To Kill a Mockingbird

Topics: To Kill a Mockingbird, Parenting, Harper Lee Pages: 2 (440 words) Published: April 28, 2013
Atticus Finch’s Parenting Style

There are many interesting types of parenting styles in Harper Lee’s, To Kill a Mockingbird.

Atticus Finch, one of the main characters is a very good parent with a unique parenting style. Atticus is a very good parent because he is a patient, understanding, and honest father. This allows him to have a very good relationship with his children, Jem and Scout. Atticus is not one of those fathers that become furious and yell at their children. In fact, he is a very patient man throughout the novel. Atticus shows his patience in chapter nine when Scout starts to use unacceptable language. Instead of yelling at Scout, he ignores her and quotes, “Bad language is a stage all children go through and it dies with time when they learn they’re not attracting attention with it” (Lee 87). Atticus knew that his daughter was trying to get the message across that she was learning these words from school. She needed an excuse to stop going to school. Instead, he wants Scout to learn that she needs to get a good education.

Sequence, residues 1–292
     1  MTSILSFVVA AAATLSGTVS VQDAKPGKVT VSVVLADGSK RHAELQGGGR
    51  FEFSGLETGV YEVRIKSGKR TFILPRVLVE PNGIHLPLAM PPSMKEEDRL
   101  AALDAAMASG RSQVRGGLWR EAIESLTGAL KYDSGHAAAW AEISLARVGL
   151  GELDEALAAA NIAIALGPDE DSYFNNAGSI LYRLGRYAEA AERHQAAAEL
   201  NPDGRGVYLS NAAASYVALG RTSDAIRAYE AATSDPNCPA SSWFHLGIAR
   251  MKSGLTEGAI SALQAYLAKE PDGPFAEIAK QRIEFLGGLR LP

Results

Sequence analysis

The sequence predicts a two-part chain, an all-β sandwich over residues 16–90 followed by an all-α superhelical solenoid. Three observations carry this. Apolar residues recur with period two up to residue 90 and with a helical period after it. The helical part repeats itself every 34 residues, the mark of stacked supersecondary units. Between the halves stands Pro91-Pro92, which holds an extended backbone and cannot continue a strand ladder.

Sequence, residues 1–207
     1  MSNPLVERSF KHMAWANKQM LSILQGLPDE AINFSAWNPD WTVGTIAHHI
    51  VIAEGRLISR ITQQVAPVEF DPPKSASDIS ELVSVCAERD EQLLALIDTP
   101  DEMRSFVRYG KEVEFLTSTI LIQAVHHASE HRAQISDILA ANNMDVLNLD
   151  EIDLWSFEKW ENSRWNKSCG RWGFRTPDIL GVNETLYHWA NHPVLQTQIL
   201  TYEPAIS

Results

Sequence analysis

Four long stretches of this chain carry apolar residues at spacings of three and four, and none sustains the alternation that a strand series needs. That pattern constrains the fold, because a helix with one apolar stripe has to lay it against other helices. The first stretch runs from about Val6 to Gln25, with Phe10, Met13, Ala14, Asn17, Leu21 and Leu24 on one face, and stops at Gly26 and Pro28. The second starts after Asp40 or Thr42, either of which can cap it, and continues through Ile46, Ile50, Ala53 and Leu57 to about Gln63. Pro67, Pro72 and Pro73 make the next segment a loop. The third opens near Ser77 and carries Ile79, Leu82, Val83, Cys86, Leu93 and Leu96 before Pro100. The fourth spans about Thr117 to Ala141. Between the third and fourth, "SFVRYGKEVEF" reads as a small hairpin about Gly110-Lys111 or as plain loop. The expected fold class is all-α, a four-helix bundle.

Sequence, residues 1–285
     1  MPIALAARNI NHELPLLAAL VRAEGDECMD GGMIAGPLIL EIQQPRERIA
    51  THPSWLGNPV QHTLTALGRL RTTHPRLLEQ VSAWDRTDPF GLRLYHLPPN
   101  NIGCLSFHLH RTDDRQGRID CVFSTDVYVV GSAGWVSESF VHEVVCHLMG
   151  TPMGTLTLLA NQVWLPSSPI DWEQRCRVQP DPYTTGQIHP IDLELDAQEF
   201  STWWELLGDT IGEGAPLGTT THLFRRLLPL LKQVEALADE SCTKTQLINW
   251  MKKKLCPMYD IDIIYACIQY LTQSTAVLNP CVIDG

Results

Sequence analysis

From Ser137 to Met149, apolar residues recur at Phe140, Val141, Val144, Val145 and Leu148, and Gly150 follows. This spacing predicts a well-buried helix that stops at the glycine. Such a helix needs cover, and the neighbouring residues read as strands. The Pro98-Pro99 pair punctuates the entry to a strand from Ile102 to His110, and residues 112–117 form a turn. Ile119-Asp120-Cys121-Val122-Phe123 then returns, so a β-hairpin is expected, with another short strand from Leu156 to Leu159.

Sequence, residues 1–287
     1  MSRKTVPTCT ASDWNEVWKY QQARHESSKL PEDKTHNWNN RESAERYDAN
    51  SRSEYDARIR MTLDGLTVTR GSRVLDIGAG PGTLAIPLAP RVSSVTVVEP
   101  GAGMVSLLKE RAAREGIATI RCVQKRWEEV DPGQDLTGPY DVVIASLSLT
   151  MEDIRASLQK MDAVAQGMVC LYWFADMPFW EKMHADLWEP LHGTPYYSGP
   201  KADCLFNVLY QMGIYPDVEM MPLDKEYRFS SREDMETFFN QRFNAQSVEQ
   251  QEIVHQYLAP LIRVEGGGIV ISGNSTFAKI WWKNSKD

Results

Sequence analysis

In addition to being patient with his children, Atticus has the ability to understand Jem and Scout as well. Atticus is very perceptive about his children. Atticus illustrates his understanding in chapter nine, when he is talking to Uncle Jack. “When a child asks you something, answer him for goodness’ sake. But don’t make a production of it. Children are children, but they can spot evasion quicker than adults, and evasion simply muddles ‘em” (87) says Atticus to his brother. He is trying to explain that children have the ability to know when you are trying to change the subject. They know you’re trying to hide something,, you don’t want them to know. It only makes the kids more suspicious.

Not only is Atticus a patient and understanding parent, he is also very honest with his children. During Tom Robinson’s trial, Scout is confused about everything that is going on. She begins to hear the word ‘rape’ a lot, and...
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